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Birding’s Party Bus

November 16, 2011

You know how it is when you do something so intensely and thoroughly that when it’s all said and done you feel like you need a couple days to unwind from it?  Even when it’s something I love so much as birding.  This is kind of where I’m at right now upon my return from the totally epic Rio Grande Valley Birding Festival, 5 days of non-stop bird-o-rama.  When I wasn’t birding, I was thinking and talking about birds to bird people.  This is generally the sort of thing that I really enjoy, but anything 24-7 can wear you out.  But I still care, dear reader(s), so I’ll try my hardest to relate that first great morning to you.

I came down to Texas without a plan.  I was a guest of the American Birding Association and, as such, I had a fair few responsibilities to them.  But as far as planning field trips and daily bird-finding?  I was as wide open as the west Texas horizon.  So when Jeff Gordon asked me if I wanted to come along on the trip he was leading the next day to the San Gertrudis Division of the famous King Ranch up the coast a bit in Kleberg County, I said sure thing.  It was going to be an odd introduction to the Valley, in that it was likely the least tropical of any of the field trips being run at the festival, but it was a new place with the best opportunity for new birds.  I, of course, was game.  So early the next morning I jumped on the Greyhound bus with 40 other excited birders, including my old pal Christopher Ciccone of the Bloggerhead Kingbirds and Picus Blog, are made the long journey northward.

When people think of King Ranch they generally first think of the tiny Ferruginous Pygmy-Owl, which can be found with some regularity at some units of the massive private ranch.  The San Gertrudis Division is not the one with the pygmy-owls, but it’s typical of the sort of Texas coastal plain habitat which isn’t the sort of place one visits when they come to the Valley.  As such, you see some different birds, even if they tend to be a little more familiar than those farther south.

Take, for instance, this juvi Red-tailed Hawk with some serious wing problems.

We stepped off the bus to some serious wind that nearly blew many of the participants right of the road and kicked gravel dust in our eyes.  The wind got the raptors up, though, and before long we’d added White-tailed Kite and Hawk, Kestrels, and Harriers to the day list.  It was here, at the very first stop, that i picked up my first lifer of the trip too, a winter plumaged Lark Bunting perched atop a Prickly Pear cactus.  I’m pretty sure that, of all the people in our group, I spotted the bird first, but I didn’t have my birding head on straight, and I sat there for a full thirty seconds watching this thing and wondering why this apparent Vesper Sparrow looked so weird.  Then the call went out and I practically slapped my forehead when I made the connection instantly.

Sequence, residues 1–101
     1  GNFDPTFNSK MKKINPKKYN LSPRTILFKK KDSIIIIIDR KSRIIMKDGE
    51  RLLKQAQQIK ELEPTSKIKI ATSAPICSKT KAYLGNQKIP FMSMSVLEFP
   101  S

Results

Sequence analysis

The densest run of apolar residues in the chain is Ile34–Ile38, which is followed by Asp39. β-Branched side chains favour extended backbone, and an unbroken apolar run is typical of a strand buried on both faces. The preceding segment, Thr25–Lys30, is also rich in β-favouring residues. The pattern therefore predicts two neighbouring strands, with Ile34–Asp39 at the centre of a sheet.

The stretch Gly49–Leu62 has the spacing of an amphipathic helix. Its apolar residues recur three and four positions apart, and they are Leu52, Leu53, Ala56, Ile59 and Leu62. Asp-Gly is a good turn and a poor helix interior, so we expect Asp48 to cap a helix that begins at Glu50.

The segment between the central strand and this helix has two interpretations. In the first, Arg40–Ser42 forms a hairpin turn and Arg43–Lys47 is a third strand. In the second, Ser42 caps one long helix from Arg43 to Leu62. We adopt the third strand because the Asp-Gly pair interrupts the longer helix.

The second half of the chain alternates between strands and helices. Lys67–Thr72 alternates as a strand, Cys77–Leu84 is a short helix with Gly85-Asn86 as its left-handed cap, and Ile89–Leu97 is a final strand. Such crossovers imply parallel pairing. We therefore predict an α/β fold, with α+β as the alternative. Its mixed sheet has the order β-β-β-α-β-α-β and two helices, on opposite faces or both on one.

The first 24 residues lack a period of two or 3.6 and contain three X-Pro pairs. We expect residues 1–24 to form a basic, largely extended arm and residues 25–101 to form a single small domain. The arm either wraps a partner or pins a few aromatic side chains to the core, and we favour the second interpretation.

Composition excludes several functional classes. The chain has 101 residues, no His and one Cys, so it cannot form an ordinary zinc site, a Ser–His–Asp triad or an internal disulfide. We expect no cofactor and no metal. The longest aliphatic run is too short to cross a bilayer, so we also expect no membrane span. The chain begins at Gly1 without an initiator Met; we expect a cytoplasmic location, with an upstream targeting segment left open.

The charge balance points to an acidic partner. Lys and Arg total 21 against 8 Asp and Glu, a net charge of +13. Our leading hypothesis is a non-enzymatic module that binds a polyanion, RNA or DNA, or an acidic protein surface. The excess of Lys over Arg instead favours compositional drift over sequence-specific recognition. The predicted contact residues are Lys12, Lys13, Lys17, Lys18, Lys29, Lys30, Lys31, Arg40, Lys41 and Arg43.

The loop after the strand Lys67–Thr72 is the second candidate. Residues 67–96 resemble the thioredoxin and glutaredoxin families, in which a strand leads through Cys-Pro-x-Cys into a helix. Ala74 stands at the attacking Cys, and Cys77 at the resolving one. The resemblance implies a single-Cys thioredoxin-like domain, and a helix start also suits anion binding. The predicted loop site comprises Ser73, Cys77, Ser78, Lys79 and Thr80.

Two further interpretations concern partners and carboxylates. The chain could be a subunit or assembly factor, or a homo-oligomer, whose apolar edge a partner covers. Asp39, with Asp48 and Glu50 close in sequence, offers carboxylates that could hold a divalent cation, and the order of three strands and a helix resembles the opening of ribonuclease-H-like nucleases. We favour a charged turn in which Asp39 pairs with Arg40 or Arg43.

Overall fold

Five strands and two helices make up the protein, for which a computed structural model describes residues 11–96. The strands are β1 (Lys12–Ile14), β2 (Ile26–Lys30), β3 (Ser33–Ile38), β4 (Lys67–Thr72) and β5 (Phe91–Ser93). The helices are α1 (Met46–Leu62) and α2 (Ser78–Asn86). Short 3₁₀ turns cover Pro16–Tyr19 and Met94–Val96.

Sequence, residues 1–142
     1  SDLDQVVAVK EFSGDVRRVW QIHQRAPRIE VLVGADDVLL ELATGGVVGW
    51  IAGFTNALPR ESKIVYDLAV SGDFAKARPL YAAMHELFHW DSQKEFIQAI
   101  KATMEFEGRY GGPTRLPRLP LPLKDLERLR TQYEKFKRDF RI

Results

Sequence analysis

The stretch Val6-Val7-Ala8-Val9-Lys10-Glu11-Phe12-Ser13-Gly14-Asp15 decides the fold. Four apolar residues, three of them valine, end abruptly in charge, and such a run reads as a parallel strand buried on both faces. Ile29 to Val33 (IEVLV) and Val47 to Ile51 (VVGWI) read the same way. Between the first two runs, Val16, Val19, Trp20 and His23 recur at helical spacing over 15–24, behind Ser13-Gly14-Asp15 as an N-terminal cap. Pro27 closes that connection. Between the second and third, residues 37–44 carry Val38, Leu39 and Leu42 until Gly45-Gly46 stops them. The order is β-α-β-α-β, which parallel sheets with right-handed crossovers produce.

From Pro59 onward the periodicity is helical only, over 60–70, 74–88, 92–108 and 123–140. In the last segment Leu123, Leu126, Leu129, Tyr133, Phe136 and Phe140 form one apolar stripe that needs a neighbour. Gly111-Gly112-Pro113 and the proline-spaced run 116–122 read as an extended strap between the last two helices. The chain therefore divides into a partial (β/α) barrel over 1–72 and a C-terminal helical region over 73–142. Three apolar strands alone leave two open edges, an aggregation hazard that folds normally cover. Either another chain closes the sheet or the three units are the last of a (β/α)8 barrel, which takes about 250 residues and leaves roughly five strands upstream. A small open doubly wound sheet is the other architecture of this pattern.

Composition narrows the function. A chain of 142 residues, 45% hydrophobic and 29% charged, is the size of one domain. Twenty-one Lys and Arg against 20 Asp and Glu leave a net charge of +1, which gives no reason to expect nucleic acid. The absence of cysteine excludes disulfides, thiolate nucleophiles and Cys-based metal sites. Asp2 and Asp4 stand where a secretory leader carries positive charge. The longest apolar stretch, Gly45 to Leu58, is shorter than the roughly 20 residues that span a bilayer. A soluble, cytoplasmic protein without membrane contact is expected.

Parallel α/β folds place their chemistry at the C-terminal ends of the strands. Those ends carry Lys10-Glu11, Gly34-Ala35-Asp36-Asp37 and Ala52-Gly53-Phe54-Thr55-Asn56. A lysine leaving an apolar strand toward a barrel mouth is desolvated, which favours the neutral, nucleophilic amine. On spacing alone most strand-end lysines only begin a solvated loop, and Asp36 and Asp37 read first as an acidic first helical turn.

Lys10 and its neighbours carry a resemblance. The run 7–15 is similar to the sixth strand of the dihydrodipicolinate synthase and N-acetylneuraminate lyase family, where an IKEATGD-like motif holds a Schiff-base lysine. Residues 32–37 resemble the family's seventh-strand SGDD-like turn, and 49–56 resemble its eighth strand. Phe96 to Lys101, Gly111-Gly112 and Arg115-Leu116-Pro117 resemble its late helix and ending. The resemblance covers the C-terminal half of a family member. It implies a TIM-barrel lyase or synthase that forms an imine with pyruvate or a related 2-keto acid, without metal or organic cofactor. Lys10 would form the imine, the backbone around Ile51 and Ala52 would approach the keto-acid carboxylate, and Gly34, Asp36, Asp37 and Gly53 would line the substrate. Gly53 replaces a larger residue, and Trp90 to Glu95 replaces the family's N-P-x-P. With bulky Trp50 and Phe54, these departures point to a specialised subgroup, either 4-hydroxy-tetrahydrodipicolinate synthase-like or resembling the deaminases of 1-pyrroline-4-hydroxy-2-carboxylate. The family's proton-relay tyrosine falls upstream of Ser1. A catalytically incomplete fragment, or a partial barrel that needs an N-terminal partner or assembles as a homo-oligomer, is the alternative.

Note to self, prepare better.

We tooled along in our bus (more on that in another post), until the whole behemoth shuddered to a stop, and people started piling off as fast as they could (not very fast) to witness a pretty incredible herpitological scene.

Two massive Texas Indigo Snakes were entwined in what seemed to be some sort of courtship display.  The two snakes, that were at minimum six feet long and as big around as my forearm, hissed and puffed and tangled around each other while 40 birders stood and watched.  I realized quickly that it would be bad form to rush the snakes and try to grab one of them (my general impulse when it comes to most non-venomous reptiles), so I let them do their thing.  This was probably a good decision as from everything I’ve heard Indigo Snakes can either be extremely docile or extremely aggressive, and if it’s the second, they have a nasty bite.  Still though, I would have loved a close look at these impressive snakes.

From the relative comfort of the big bus, we picked up Scissor-tailed Flycatchers and once, a flushed Barn Owl.  The short-cropped cattle pastures were crawling with Long-billed Curlews and Sandhill Cranes. I finally got a good look at a Say’s Phoebe, and when we reached a small, shallow lake, my trip list blew up with shorebirds, waterfowl, and terns.

Best bird of the day, at least for the leaders (I was still pretty partial to the Lark Bunting) was a trio of Scoters that blew by showing some impressive white patches on the wings.  White-winged Scoters were completely unexpected, I believe they were even a first record for King Ranch, and the third bird ended up being a Surf Scoter.  Not the sort of thing you go to Texas to see, but excited nonetheless.

Even though most of the trip had a very southern plains feel, there were still the required Valley birds in evidence.  A couple Vermilion Flycatchers here, a Great Kiskadee there.  Inca Doves and Golden-fronted Woodpeckers and a sharp Pyrrhuloxia (better named Desert Cardinal by this birder).  We gathered at a wayhouse for a barbeque lunch that seemed to hit the spot (at least for those who don’t champion the superiority of eastern North Carolina barbeque), and we headed out of the park for the afternoon attempt at a true south texas target.

And that story will have to wait until later…

  1. November 16, 2011 10:49 am

    I know exactly how you feel. I’m still unwinding from the trip too. Fabulous as it was, I returned to Corrales absolutely exhausted. That being said, I can’t wait for next year’s trip! It was wonderful to meet you in person. Next year I’ll have to take that trip to the King Ranch. Nice post and photos!

  2. November 16, 2011 11:15 pm

    Wow, all that in one place? Plus it seems like you shoved off that Barn Owl like it was nothin’. Would’ve been a lifer for me, and a couple other birders I know! lol

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